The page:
We need to show people that the impression we gave a few years ago of becoming a single issue party is no longer true and we are in tune with the voters main cares and concerns. Europe no matter what anyone says is not one of them.

Philip Davies should be taken into a dark corner and taught the value of keeping certain things to yourself, as should anyone who thinks that contradicting official party policy in an Election campaign is a good idea. Having said that though, I would suggest that no-one in the wider electorate is going to notice it at the moment what with the Cabinet falling apart and the wheels finally coming off of the Blair Government.

'Unhelpful'? Sure, and if you believe that, you doubtless think that this is going to be the story of the week, and that one solitary soul outside SW1 is going to care, still less, remember, come polling day.

Dave's igloo-building-with-Jimmy-Carter jaunt? Election winning, no doubt.

We need to show people that the impression we gave a few years ago of becoming a single issue party is no longer true and we are in tune with the voters main cares and concerns. Europe no matter what anyone says is not one of them.

I agree. Policy on the subject seems reasonable - "Reform through renegotiation." It's not going to change, and harping on about it makes us look like swivel-eyed obessesive loons.

Those who support withdrawal should keep their powder dry until first, we are in goverment, and second, reform has been attempted and has failed (if this happens).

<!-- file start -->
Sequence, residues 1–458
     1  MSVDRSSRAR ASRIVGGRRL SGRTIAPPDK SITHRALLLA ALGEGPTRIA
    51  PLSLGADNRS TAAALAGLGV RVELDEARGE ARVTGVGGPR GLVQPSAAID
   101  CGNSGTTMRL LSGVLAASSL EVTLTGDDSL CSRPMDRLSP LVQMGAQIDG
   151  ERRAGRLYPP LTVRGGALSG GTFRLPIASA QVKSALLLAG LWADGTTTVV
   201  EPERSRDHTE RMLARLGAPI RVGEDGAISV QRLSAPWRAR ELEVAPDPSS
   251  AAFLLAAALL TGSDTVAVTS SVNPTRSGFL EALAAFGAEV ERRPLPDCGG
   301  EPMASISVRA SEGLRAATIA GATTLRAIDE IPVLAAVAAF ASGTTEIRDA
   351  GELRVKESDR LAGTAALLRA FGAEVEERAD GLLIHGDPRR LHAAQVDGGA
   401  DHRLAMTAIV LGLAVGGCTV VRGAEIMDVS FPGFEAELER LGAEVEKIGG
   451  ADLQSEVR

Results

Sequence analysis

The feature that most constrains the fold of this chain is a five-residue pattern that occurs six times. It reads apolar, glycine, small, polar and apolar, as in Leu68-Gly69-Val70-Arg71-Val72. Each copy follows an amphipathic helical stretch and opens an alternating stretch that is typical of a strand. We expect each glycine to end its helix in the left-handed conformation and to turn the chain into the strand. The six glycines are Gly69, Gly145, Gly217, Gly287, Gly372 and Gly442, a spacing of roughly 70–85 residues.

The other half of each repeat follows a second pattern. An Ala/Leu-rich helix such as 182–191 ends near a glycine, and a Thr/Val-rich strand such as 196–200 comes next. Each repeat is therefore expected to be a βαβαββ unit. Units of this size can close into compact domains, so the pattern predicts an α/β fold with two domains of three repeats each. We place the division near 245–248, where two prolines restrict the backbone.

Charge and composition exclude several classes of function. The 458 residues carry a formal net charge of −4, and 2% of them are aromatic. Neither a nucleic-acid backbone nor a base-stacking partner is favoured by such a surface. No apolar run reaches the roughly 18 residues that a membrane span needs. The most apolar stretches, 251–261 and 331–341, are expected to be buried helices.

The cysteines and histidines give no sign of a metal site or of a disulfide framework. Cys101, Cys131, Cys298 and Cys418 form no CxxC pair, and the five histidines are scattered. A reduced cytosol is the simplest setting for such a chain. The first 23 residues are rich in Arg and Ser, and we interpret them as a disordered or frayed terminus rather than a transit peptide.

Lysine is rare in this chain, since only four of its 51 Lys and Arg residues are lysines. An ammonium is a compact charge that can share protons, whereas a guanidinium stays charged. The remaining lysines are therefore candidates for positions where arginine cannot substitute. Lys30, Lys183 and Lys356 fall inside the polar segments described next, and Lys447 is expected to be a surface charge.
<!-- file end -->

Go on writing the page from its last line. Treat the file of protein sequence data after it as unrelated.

They really aren't helping their own side. If we lose, there are two Europhile parties who will make things much, much worse.

So why no criticism of federalism or reprimand for Caroline Jackson?

Any men out there can just go and piss off!

Mr Cameron also unveiled plans to transform the party by ensuring that a tenth of candidates in winnable seats were from ethnic minorities. Addressing parliamentary journalists at Westminster, he made no apologies for setting up a secret group to promote the selection of women by announcing that the new "priority list" of top-quality candidates would have more women than men on it.

The list of up to 150 names had originally been expected to be split evenly between the sexes but Mr Cameron said that "more than 50 per cent will be women".

"Every time the Government gets into trouble some loony MP with a Euro axe to grind comes out of the woodwork to stir things up and help deflect the news from Labour's ills and on to us."

I could not agree more.

Most voters don't give a crap about the EU or with those who are either madly pro or violently anti. As far as this party is concerned, the EU debate can best be likened to a black hole, an unstoppable vortex from which light itself cannot escape. Local elections anyone?

Bothered.

Is Margaret back? meaningless postings appearing across threads.